Theodore C. Gregory, a Loudoun County horse trainer, was convicted today of voluntary manslaughter for shooting to death his wife's lover when he found the two in bed together. Gregory left the courthouse a free man after promising to pay a $1,000 fine for the offense.
A six-man, six-woman Rappahannock County jury deliberated for four hours before rejecting a first-degree murder charge against Gregory that could have sent him to prison for life.
The 31-year-old Gregory, who was jailed for 22 months without bond in the hunt country shooting, smiled broadly as the verdict was read, and members of his family in the courtroom began to cry quietly. Before leaving the courthouse, Gregory said he had no comment other than: "I think the way the jury put it was exactly right."
Voluntary manslaughter, punishable by up to 10 years in prison, was the least serious offense of which the jury could have convicted Gregory, and a $1,000 fine is the minimum penalty for it under law. The defense asked for acquittal, arguing that the slaying was the result of an "irresistable impulse" that struck Gregory when he found his estranged wife, Monique Dana, making love to Howard LaBove, who was described at the trial as Gregory's best friend.
LaBove, a fellow horse trainer in the moneyed, elite world of racing and steeplechase riding, died after being shot three times with Gregory's .45-caliber pistol.
Under Virginia law, voluntary manslaughter is intentional killing in "the sudden heat of passion upon reasonable provocation."
Jury foreman Paul Poling said after the verdict that "it was the question of the degree of murder that really pulled" the jury to its decision. The jurors decided, he said, that the elements of manslaughter as defined by the judge most accurately fit the event.
The jury's recommended $1,000 fine was promptly imposed by Judge Carleton Penn, who gave Gregory 15 days to produce the money.
The slaying occurred on the night of Aug. 20, 1980, when Gregory barged in on Dana and LaBove at LaBove's rented cottage near Middleburg.
Dana, 28, who testified for an hour on Wednesday as the prosecution's star witness, was not in the courtroom when the verdict was announced.
Friends of both Gregory and LaBove testified they grew increasingly concerned about Gregory's state of mind after his separation from Dana in May 1980 and had warned LaBove about dating her. Asked if he was shocked when he heard about LaBove's death, horse dealer Joseph Fiore said in court, "No, because I told everybody it was going to happen."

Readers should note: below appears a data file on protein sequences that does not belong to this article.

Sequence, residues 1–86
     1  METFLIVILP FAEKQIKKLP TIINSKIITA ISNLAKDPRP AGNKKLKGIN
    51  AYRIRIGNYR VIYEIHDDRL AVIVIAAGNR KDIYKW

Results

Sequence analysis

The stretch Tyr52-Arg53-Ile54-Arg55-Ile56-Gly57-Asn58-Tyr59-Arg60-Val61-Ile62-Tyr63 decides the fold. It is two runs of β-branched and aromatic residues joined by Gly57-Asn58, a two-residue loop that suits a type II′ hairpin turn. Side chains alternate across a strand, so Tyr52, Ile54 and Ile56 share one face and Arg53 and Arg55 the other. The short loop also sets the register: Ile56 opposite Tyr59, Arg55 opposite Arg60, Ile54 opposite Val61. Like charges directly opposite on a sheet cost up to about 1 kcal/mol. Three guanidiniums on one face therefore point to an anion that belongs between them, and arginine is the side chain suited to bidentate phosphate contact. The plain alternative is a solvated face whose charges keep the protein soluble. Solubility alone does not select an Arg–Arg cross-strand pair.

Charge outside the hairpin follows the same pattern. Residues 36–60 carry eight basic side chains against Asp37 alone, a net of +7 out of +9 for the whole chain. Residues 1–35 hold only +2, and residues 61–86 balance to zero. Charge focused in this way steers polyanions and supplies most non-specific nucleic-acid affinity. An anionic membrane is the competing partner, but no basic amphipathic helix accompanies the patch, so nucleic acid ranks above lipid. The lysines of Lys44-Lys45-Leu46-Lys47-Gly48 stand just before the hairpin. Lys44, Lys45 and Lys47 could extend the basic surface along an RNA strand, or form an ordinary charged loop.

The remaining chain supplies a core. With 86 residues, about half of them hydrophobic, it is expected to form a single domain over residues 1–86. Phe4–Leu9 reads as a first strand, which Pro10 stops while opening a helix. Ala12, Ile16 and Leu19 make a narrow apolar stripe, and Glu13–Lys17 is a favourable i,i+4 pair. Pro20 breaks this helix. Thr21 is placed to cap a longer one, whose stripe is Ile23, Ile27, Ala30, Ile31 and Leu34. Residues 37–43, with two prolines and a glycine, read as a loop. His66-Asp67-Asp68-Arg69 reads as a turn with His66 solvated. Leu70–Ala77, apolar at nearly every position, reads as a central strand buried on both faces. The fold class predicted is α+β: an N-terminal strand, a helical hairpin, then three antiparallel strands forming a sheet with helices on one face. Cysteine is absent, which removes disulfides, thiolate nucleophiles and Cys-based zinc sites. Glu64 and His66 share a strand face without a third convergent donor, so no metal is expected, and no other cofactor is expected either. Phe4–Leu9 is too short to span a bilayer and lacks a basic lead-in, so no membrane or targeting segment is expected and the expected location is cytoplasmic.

Judge Penn had ordered the trial moved to this tiny Blue Ridge Mountain town 80 miles west of the District of Columbia to escape the impact of publicity about the case in Loudoun County.
Gregory was convicted in late 1980 of trying to murder Dana, but won acquittal in a retrial in May. Since Dana by that time was divorced from Gregory and thus free to testify against him for the prosecution, Loudoun prosecutors sought and obtained the murder indictment for LaBove's death.
Gregory's older brother, Joseph, said in an interview this week that his family spent a total of more than $50,000 on his brother's defense over two years, including a $3,000 fee for a one-hour appearance on Thursday by a psychiatric expert. The money was raised, he said, by mortgaging the family farm and through income from his father's Fauquier County construction business.
In final arguments today, assistant Loudoun prosecutor James E. Mechling accused defense lawyers of trying to shift the focus of the trial away from the fatal shooting to Dana's affair with LaBove and her alleged relationships with other men while still married.
"That is a smokescreen, a red herring," Mechling declared. "Gregory carried out his plan to its ultimate, final, bloody, tragic conclusion." Facing the jury, Mechling added, "Murder. Murder. Murder. It's an ugly word. It's an ugly deed."
"The evidence screams for doubt," responded chief defense lawyer Blair Howard. He pictured Dana as someone who "chose life in the fast lane," leaving her then-husband Gregory "devastated" and "pathetic."
Quoting Shakespeare, Howard asked the jurors to view Gregory as "one who loved not wisely, but too well. . . not easily jealous, but wrought, perplexed, in the extreme." Gregory's brother and father wept and the normally reserved Gregory wiped his eyes.
In day-long psychiatric testimony on Thursday, experts for the two sides agreed that Gregory had been depressed, anxious and grief-stricken for weeks leading up to the shooting, but disagreed sharply in their conclusions about Gregory's state of mind on the fatal night.
Defense psychiatrist David Lanham said he found Gregory to be suffering from clinical depression and a long-term schizoid personality disorder. The doctor described Gregory as reserved, aloof and unable to express his feelings -- a man, Lanham said, who had told his wife only once in six years of marriage that he loved her, "although his love was very deep."
Prosecution medical experts testified that Gregory's behavior failed to rise to the level of mental disease or disorder. The shooting "was an act unresisted and not irresistable," said Dr. James Dimitris of Virginia's Central State Hospital.